Once the soil is loose, the base of the grow bag needs to have drainage holes in it. Some already have these, while others don’t. If yours doesn’t, just use a pair of sharp scissors to pierce small holes about a half inch apart.
Once that’s done, your grow bag is as ready to use as any garden. Just take whatever plants you’re growing and plant them into the soil.
The Pros and Cons of Using Grow Bags
As with most things, there’s advantages and disadvantages, some more than others depending on your situation, the space available and the time you have to tend to your plants. With grow bag gardening, there’s few downsides and plenty of advantages.
- Grow bags are easy to move around (provided you buy the grow bags with carry handles).
- They are more durable than plastic, as a quality grow bag will withstand extreme temperatures without cracking.
- With most grow bags, you can expect to get at least three seasons of use, sometimes longer.
- Increasing competition between manufactures due to the popularity of grow bag gardening has led to improvements in quality.
- You can use these temporarily to test different growing conditions around your garden before deciding on a permanent area.
- Great for renters planning to buy a home as you can take your garden with you.
- Better drainage and aeration with fabric grow bags.
- A major time saver because you just fill with soil and you’re good to go. No soil preparation to deal with, other than aerating it before planting.
- If you have pests roaming your area such as gophers, they’ll chew through grow bags.
- The quality of bags differ greatly by brand so it pays to take the time to check the reviews online to see if any previous customers have found the bags lacking in quality, such as the handles falling off.
- More frequent watering is needed with fabric grow bags.
- With increased watering, there comes the problem of increasing insect attraction – mainly mosquitoes – and since these are mostly used for growing food plants, there’s limited safe insect control products.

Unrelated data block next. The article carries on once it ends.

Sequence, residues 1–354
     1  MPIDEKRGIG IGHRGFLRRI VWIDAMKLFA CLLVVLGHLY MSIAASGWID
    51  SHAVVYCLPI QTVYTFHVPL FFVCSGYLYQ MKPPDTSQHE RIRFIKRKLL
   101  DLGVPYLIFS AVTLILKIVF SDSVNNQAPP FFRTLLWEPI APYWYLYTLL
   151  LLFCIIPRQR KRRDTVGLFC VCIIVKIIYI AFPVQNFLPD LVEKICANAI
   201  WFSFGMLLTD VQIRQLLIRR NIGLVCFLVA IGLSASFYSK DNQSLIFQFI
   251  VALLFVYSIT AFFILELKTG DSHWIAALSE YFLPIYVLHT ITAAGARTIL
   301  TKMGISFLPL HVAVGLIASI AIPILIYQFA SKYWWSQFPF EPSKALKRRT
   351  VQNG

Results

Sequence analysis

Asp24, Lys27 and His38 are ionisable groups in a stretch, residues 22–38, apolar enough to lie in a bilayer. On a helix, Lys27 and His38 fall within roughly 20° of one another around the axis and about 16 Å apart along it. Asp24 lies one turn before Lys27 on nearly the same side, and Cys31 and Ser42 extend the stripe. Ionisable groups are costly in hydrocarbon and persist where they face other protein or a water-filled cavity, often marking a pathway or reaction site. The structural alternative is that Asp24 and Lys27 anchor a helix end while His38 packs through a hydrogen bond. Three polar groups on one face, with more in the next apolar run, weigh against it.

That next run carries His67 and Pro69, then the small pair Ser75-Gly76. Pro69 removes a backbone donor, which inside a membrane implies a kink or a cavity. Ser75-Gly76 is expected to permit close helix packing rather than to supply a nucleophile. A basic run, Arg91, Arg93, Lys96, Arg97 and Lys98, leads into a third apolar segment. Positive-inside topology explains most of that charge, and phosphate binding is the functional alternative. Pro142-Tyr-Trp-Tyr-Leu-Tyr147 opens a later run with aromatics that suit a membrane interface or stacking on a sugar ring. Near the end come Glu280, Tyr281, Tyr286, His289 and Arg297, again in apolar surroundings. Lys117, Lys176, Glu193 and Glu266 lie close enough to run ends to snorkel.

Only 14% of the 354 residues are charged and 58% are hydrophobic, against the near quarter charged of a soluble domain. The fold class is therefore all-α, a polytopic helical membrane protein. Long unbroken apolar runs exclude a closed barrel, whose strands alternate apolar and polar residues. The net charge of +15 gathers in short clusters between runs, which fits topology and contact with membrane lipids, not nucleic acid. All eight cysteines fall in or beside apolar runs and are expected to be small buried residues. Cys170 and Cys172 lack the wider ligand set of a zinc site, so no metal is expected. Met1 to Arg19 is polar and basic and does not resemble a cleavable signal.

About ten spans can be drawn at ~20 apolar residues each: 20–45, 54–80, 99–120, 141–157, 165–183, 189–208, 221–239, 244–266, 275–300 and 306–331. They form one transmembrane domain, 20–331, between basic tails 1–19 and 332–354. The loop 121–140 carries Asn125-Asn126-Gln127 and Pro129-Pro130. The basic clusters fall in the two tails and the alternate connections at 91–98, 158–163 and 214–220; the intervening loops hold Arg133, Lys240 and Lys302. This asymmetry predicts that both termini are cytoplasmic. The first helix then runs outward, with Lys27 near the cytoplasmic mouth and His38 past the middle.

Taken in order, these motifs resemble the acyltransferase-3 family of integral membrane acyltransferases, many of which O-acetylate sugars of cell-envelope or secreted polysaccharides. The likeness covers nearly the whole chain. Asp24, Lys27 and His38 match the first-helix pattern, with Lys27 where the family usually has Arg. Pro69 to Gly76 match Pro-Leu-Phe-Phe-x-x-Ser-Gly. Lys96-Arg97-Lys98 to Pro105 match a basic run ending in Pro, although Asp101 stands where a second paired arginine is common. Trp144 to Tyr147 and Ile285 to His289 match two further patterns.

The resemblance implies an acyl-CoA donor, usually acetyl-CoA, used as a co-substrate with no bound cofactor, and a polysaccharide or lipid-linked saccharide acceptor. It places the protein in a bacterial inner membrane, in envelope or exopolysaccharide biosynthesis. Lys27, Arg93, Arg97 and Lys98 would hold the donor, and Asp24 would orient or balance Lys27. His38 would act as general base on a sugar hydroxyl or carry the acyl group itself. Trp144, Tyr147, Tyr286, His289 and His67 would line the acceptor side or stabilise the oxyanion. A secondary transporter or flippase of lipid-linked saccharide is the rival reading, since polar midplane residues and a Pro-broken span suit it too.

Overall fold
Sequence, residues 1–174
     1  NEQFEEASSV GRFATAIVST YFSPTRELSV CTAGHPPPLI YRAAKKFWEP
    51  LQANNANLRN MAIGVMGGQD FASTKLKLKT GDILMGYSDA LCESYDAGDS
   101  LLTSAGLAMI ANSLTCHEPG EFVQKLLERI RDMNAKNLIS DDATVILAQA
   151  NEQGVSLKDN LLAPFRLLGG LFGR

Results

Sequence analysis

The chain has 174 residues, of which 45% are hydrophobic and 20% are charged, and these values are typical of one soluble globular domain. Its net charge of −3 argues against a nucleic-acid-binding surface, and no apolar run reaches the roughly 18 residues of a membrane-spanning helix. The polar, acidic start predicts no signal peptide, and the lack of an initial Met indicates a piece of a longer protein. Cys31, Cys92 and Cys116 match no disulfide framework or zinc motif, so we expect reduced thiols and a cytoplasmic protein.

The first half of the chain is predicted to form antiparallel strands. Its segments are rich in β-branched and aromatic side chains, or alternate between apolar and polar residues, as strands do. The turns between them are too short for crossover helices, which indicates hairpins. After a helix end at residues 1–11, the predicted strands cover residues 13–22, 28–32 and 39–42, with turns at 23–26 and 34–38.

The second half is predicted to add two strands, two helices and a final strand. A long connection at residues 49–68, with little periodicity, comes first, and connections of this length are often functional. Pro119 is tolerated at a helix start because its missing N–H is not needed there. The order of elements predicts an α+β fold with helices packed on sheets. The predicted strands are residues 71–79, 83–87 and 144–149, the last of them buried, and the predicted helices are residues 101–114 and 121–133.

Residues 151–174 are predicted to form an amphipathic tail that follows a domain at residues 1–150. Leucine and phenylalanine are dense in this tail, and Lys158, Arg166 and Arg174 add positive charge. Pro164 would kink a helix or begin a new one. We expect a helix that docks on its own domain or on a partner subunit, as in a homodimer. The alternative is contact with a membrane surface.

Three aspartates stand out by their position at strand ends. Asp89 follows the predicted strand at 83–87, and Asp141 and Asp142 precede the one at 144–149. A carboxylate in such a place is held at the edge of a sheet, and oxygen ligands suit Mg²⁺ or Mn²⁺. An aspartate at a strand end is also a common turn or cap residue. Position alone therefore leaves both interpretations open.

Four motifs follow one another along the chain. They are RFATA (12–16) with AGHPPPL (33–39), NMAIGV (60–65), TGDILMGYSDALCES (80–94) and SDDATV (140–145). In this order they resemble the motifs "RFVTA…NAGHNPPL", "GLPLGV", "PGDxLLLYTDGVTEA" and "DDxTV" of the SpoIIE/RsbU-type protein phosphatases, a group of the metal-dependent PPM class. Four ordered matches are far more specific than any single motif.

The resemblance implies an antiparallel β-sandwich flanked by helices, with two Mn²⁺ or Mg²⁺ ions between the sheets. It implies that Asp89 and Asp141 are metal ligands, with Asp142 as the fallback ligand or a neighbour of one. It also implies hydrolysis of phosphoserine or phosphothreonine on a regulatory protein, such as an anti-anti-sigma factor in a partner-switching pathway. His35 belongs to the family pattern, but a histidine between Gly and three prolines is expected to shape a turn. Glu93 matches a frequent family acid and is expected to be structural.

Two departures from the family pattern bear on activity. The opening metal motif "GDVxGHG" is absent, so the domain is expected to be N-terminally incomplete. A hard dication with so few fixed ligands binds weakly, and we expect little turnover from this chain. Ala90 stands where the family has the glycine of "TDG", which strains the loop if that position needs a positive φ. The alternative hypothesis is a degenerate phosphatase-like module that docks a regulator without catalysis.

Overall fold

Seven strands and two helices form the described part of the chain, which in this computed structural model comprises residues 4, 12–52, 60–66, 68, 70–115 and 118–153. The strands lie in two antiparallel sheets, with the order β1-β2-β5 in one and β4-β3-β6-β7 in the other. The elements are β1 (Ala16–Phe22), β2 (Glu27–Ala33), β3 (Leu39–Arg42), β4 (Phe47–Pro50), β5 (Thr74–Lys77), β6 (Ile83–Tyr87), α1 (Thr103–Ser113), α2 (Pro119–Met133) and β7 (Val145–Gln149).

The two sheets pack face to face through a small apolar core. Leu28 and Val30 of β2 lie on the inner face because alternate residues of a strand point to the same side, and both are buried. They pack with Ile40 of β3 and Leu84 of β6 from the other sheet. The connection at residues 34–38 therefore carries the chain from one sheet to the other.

What Size of Grow Bags to Use?
The size of grow bags you’ll need is determined by what you’ll be growing. But, finding the right size is made easier because in general, most bags sized under 50 gallons are for small rooted plants. 50 gallons are for tree-like plants that you expect to grow with deep roots.
With that being said, grow bags bought as instant planters that come with the soil ready to drop your plants in can be stacked. Just open the top of the first bag, then with the next one you open the top and bottom and flip it over to give you more soil for planting.
Check out doubling up instant planter grow bags for tomatoes on the ground without grass. Watch how it’s done:
Smaller sized grow bags often have the clue in the name such as salad grow bags. 4-gallon grow bags tend to better for growing tomatoes, however it does depend on the type.
If you’re growing baby tomatoes in a grow bag, such as the Terenzo tomato that only grows to about 16-20” in height, a 1-gallon grow bag would be sufficient.
The original intent of grow bags was to grow tomatoes, without the headache of ground soil impacting the harvest. Tomatoes are a plant you can grow very easily with grow bags, but you can also grow much more.
So much more, in fact, you can harvest enough salad greens, including lettuce, spring onions, potatoes, and a variety of herbs that you could find yourself growing enough food plants to serve up quite a few nutritious meals.
Growing up with a mom who filled her home (inside and out) with all sorts of plants, Lisa got her start in gardening at a young age. Living now on her own with a home and yard full of plants (including an indoor greenhouse), she shares all the gardening tips she’s gained over the years.